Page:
Brown: State child care cuts cripple preschool programs

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This is the time of year when the five-year-old preschool students at North Lawndale YMCA advance into kindergarten, opening up slots for a new group of itty-bitties to take their place.

Over the next month, some 19 North Lawndale YMCA preschoolers will move on to that next level of education, nearly all of them better prepared to succeed academically than if they had not spent their early years in this nurturing environment.

But as it stands right now, there will not be 19 new children enrolling to take their place this fall as in the past. Instead, one classroom will be left empty.

That’s because Gov. Bruce Rauner’s administration has frozen admissions to the state’s Child Care Assistance Program and enacted new eligibility guidelines that will put the program out of reach for 90 percent of families who previously would have qualified.

Yes, I’ve been writing a lot about this topic. It’s important. Screwing up this program could have a negative ripple effect for months and years to come.


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The situation at the North Lawndale YMCA is being replicated at preschool and day care programs across Illinois where poor families are being told they will no longer have access to the low-cost, quality child care programs on which they rely to hold a job or get an education.

At North Lawndale, which cares for up to 250 children ages six weeks to 12 years, we’re talking something like 75 percent single moms.

“These are all working families. They’re not just sitting at home,” emphasized DaWana Williamson, senior vice president of youth development for YMCA of Metro Chicago.

Under the old guidelines, Williamson said, a parent with one child could make up to $2,000 a month and still qualify for the subsidy. Under the new guidelines, that drops to $630 a month.

These are people holding jobs at the very low end of the economic spectrum. When you take away their child care, they have to make tough decisions about whether it makes more sense to keep working or stay home with their kid and collect Temporary Assistance for Needy Families, today’s version of welfare.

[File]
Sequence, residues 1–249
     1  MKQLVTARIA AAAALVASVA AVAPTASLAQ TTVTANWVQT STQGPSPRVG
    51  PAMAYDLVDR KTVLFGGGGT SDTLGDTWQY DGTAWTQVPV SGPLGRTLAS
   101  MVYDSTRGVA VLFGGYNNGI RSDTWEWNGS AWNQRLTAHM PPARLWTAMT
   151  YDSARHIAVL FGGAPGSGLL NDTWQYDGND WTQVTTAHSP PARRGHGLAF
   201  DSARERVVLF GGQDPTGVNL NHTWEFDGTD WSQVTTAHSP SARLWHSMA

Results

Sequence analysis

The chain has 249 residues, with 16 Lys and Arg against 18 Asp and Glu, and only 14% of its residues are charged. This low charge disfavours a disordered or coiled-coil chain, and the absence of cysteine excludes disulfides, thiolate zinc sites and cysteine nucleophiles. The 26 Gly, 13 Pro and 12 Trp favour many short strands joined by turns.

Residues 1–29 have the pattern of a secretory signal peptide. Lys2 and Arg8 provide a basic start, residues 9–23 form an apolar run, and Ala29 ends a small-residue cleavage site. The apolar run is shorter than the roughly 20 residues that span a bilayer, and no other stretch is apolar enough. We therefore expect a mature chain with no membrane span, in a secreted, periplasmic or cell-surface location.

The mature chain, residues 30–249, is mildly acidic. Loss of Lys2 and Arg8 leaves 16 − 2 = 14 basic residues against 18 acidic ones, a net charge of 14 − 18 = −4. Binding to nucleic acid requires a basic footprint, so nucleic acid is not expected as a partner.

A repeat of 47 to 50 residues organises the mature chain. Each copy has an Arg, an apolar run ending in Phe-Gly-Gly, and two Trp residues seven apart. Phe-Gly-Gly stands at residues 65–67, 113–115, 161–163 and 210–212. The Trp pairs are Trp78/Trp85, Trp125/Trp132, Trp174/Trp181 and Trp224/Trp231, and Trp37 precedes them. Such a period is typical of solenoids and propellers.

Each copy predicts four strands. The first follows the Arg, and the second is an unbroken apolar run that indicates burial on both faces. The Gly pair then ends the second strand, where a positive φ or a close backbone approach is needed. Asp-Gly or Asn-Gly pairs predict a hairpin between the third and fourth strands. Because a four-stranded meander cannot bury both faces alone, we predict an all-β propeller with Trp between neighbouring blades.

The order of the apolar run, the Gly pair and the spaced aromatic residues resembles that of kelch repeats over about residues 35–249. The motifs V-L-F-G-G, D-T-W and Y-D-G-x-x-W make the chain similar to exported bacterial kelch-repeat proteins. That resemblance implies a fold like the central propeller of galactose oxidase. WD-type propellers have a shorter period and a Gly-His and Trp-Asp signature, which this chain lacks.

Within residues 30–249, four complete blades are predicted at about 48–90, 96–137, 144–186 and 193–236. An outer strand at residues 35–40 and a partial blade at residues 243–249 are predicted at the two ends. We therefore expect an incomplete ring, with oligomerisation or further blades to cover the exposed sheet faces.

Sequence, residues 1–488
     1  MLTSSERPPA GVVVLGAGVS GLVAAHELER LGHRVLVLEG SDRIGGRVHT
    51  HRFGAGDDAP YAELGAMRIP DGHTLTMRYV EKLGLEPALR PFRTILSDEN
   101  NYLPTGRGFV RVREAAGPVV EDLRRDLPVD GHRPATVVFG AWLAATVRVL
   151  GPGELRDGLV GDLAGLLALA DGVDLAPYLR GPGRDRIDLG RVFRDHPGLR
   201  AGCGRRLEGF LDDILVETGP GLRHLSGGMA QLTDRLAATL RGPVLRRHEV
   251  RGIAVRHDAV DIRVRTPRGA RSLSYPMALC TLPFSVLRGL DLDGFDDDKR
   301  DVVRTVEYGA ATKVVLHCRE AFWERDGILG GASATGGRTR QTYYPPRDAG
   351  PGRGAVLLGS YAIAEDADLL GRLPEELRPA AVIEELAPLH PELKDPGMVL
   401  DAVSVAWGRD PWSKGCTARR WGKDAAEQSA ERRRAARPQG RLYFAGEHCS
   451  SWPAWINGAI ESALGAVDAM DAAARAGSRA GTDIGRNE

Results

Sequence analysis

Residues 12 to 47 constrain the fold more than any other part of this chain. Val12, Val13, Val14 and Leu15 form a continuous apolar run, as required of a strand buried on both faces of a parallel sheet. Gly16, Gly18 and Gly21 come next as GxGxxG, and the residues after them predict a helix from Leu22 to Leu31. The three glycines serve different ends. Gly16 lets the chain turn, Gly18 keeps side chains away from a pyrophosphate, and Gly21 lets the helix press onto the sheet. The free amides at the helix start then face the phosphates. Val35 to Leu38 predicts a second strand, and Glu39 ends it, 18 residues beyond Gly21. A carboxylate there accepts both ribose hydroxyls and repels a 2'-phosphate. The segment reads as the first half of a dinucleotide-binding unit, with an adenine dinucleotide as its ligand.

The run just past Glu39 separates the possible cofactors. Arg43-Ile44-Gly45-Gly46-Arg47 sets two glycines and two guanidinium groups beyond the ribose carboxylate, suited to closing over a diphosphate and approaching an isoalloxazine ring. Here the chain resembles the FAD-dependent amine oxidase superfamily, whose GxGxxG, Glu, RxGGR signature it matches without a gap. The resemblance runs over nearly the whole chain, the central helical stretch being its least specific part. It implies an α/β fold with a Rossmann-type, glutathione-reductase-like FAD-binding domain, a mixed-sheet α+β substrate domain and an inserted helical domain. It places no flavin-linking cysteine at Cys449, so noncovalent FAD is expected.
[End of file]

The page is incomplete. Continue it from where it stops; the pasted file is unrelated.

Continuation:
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I’d say it makes more sense for us as a society to help them stay in the workforce or get a college degree so they can move ahead with their lives, especially when it also means giving these kids their best chance at succeeding in school.

What I’m not sure even many of the policymakers appreciate is the symbiotic relationship between the federally funded Head Start preschool programs, which pay for a half day of schooling, and the Child Care Assistance Program, which allows the same people providing preschool to take care of the kids the rest of the day.

By blowing a hole on the childcare side, Rauner is effectively making it impossible to operate the entire program.

“We can’t run the program without that other funding,” Williamson said.

If the governor’s people believe the subsidy is being abused or if they have some philosophical objection, it would be better if they stood up and said so instead of pretending this is solely about the state budget.

On Wednesday, the Illinois Senate passed a bill designed to reverse Rauner’s rule changes, although I’m not quite sure what effect it will have.

I spent the morning at the North Lawndale YMCA, where many of the kids were excitedly waiting to go on a field trip to a Mariano’s grocery store.

The facility is part of the Homan Square Community Center, an oasis in this West Side neighborhood.

The YMCA is the largest non-profit provider of Head Start programs in the city, and North Lawndale is its biggest individual program.

In addition to the 19 open slots created by children starting kindergarten, another 30 or so openings created by typical year-to-year attrition will also potentially go unfilled this year because of the new rules, said North Lawndale YMCA site director Thelma Jackson-Thompson.

That’s a lot of kids who could have used the help.

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